At the recent DMAW annual meeting, attendees got to hear the inside story behind the ALS Ice Bucket Challenge (IBC). And, what an inside story it was.
Did you know that the idea began with three young men, all with ALS, who played sports and decided it was time to get people to understand ALS? The goal was to reframe ALS among their age group, mainly because Lou Gehrig who is connected to ALS among the baby boomer generation is not recognizable among the younger cohort. Amazingly, although multi-millions were raised through the IBC, it did not start as a fundraising effort, but rather as an awareness campaign.
The presenters informed us that the nature of the disease really positioned ALS to be prepared for a social media blitz. Why? Unfortunately, ALS causes people to loose contact with others due to the degenerative nature of the disease. For this reason, it is common for ALS patients to communicate with each other through social media channels.
My favorite quote of the night was the reference to the campaign being “peer-to-peer on steroids.” I personally was expecting that the gifts ALS received would be low. However, the gifts were not transactional in nature and ranged anywhere from $50 to $500 to $5,000 — and, even a $100,000 gift.
So, I’m sure you want to know the overall achievement … get ready because this is even more impressive:
- $150M were raised by ALS chapters
- $115M were raised by the ALS Association
- $220-$240M were raised globally … in 15 countries!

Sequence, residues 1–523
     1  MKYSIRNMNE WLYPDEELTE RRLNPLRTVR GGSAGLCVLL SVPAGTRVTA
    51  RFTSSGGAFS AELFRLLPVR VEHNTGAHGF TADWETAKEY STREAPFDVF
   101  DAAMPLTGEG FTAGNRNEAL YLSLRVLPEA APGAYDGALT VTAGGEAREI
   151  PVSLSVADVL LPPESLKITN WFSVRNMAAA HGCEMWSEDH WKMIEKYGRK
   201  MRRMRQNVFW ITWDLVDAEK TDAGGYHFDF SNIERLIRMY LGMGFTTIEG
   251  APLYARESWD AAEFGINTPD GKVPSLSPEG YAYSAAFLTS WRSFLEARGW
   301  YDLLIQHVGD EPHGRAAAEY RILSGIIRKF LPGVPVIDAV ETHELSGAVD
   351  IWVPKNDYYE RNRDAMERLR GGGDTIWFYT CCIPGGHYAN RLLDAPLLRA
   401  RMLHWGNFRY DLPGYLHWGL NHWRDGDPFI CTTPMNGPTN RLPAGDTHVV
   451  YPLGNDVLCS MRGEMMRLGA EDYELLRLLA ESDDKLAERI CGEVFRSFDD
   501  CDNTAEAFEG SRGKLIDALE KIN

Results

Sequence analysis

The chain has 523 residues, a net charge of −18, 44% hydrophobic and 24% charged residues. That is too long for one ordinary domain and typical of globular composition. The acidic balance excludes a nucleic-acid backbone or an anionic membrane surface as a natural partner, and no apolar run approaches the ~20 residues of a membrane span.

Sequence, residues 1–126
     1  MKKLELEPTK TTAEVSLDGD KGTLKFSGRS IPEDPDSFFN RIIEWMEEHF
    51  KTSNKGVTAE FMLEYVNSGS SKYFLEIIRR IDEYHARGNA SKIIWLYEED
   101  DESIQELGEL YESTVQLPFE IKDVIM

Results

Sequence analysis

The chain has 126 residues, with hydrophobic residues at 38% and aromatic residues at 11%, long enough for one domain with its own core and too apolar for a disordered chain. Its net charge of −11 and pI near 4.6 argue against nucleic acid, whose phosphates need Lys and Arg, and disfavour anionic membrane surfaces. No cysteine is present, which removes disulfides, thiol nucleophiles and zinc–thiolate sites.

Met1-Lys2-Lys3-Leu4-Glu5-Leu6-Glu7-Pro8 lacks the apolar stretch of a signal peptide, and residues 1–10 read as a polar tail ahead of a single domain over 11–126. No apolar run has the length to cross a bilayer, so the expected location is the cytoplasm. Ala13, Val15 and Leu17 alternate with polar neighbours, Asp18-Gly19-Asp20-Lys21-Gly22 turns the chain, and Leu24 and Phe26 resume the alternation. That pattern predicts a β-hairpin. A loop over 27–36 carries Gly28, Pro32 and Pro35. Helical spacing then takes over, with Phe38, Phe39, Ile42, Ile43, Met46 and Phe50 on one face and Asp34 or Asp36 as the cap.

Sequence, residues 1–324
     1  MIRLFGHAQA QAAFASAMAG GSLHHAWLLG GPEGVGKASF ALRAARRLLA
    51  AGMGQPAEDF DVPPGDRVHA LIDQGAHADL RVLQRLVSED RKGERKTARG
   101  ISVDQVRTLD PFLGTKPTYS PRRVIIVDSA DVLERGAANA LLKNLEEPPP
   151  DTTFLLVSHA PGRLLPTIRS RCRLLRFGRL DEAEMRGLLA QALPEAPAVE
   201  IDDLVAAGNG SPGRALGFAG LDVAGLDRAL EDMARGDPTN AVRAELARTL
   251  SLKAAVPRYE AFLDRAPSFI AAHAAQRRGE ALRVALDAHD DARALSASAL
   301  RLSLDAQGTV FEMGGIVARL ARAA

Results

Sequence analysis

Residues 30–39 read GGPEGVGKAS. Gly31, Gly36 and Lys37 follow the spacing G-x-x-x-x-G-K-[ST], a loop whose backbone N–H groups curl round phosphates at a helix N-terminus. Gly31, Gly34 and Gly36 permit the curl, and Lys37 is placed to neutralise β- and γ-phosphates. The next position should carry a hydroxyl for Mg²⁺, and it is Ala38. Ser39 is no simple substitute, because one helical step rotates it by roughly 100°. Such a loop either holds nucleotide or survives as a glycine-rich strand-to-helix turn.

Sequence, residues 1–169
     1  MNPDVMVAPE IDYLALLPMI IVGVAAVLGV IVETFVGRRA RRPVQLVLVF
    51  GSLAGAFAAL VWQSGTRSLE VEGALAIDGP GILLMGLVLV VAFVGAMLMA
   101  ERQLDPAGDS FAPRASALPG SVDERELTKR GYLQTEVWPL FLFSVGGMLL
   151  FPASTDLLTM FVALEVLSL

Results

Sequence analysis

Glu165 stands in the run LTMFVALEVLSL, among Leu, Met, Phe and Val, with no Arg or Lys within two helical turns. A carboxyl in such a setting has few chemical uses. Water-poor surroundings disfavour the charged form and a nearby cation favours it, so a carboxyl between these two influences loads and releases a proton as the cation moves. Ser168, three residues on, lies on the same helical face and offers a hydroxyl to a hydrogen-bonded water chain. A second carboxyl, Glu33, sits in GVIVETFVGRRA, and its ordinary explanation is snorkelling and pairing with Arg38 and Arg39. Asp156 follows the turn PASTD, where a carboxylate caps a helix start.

- And, as would be expected, the donor demographic changed, with a larger segment in the18-34 age group.
And, of course, there were lessons learned:
- Crisis communication plans must be developed in these situations
- Always be authentic
- ALS will be proceeding with caution in retooling IBC for 2015
- Messages must be coordinated; in ALS’ example this involves the individual chapters
- Leverage influencers
- Continue to be transparent – if the truth isn’t good, you still have to tell the truth.
I got to speak to the presenters at the end of the evening and I had to ask about the “secret sauce.” Their immediate response was three-fold, the campaign was easy, compelling and fun. For me, though, I also found the campaign disruptive. I remember looking at my FB news feed and seeing post after post of folks dumping water over their heads. Before I really understood what was going on, I had probably seen over 100 posts related to IBC. It certainly disrupted the posts that I normally see. And, in reflecting back on these posts, they were definitely more striking than the usual photos, game invites, status updates and the like – perhaps, there is a great message here about substance still mattering.
The DMAW annual meeting never disappoints so I encourage anyone who didn’t attend to be sure to be there next year. The topics are always insightful, sometimes controversial but never fail to educate.
See you next year, then!
Hilary Baar is a past president of the Direct Marketing Association of Washington